stroke symptoms

Stroke symptoms

A lot of misleading information has been shared about stroke, before knowing Stroke symptoms it is important to first understand what is stroke?

This is a sudden interruption in the normal functioning of the brain, often resulting in slurred speech and loss of muscle control and feeling on one side of the body. Usually stroke occurs when the blood supply to part of your brain is interrupted or reduced, preventing brain tissue from getting oxygen and nutrients. Brain cells begin to die in minutes.

Coming Home Organization(CHO) helps to recognizing stroke symptoms

Since the medical management of a stroke varies depending on the length of time since stroke symptoms first appeared, and due to the fact that this will affect prognosis, prompt recognition of a stroke is extremely important.

How to recognize stroke symptoms?

Keep in mind that stroke symptoms usually start quite suddenly and get worse over time. You may be sitting at a table and suddenly be unable to hold your coffee cup or get your words out correctly.

Signs and stroke symptoms include:

  • sudden onset of weakness on one side of the body and slurred speech or dysarthria, meaning, the inability to make your words come outright.
  • A sudden change in the way you walk or feeling that one leg is not “acting right” can be a sign of stroke. Some patients also notice changes in their ability to see. Loss of balance is another common sign of stroke.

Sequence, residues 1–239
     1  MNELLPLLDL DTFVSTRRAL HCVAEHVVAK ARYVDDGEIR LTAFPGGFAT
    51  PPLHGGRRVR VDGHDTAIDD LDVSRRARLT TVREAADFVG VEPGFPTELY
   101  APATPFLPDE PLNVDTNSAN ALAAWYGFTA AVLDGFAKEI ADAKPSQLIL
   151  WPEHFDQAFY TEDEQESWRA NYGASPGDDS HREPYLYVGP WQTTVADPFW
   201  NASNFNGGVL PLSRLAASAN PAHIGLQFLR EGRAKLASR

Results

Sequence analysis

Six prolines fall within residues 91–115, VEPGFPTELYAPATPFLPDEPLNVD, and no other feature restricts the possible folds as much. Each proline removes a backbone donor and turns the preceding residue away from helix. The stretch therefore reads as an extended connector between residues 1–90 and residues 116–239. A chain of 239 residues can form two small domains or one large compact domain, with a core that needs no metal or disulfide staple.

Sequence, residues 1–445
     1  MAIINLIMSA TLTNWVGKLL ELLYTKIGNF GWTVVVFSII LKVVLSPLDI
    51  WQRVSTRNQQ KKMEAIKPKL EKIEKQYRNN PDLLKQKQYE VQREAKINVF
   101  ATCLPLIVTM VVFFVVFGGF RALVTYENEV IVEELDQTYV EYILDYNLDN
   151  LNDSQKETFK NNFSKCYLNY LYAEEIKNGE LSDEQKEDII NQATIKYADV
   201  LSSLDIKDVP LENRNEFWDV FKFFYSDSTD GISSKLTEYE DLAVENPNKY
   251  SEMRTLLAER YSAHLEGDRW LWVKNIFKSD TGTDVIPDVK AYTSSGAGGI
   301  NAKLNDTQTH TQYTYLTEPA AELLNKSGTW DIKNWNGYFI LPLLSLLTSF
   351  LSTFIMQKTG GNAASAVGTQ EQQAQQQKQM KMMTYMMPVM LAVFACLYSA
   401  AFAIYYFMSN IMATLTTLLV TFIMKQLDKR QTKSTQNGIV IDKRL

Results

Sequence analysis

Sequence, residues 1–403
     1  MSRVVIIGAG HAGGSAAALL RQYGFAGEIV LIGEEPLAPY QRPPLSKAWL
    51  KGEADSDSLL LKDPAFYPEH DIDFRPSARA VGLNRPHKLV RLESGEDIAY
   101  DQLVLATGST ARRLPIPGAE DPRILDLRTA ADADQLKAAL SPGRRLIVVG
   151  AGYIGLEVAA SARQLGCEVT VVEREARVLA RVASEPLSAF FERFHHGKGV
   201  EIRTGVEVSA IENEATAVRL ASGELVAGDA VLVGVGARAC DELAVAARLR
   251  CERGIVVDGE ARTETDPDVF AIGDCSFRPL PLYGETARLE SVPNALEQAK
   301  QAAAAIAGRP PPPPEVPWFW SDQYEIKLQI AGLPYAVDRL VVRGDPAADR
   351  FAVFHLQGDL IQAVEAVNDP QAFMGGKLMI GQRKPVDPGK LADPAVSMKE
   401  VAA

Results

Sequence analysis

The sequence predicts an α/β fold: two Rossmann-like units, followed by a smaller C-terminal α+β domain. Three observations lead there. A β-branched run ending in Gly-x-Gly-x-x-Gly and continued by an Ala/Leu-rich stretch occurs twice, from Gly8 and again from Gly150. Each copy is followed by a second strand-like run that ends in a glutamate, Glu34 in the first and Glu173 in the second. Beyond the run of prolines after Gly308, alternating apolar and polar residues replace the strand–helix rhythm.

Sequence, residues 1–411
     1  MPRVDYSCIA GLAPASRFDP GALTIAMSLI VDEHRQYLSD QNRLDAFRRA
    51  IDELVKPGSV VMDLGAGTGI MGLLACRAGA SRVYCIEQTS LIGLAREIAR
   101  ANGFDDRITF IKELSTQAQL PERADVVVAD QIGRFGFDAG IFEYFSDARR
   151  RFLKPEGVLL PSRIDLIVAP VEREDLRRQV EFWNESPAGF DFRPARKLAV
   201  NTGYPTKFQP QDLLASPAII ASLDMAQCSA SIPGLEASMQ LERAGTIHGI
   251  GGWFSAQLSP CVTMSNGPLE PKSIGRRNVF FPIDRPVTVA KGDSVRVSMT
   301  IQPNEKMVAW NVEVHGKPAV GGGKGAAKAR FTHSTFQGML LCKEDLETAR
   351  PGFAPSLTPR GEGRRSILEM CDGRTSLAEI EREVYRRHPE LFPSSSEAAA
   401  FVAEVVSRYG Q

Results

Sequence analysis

• Patients who have blood around their brain may complain that “they have the worst headache of their life”.

CHO has recognized a useful acronym to recognize and respond to stroke symptoms using the word FAST approach:

  • F-Face

Drooping of one side of the face. Ask the person to smile and note if it is uneven.

  • A-Arms

Weakness or numbness in one arm. Ask the person to lift both arms. Does one extremity drift downward or is the person unable to lift it?

  • S-Speech

Difficulty in speech, is it slurred? Ask the person to repeat a phrase and note any changes in speech.

  • T-Time

If any of these symptoms are present, it’s time to call 911 immediately. Also, take note of the time since symptoms onset, which will be required by doctors to decide on appropriate treatment.

CHO is committed to educating the public about stroke and other chronic diseases. Make sure to follow us on social media: Coming Home for extra tips.

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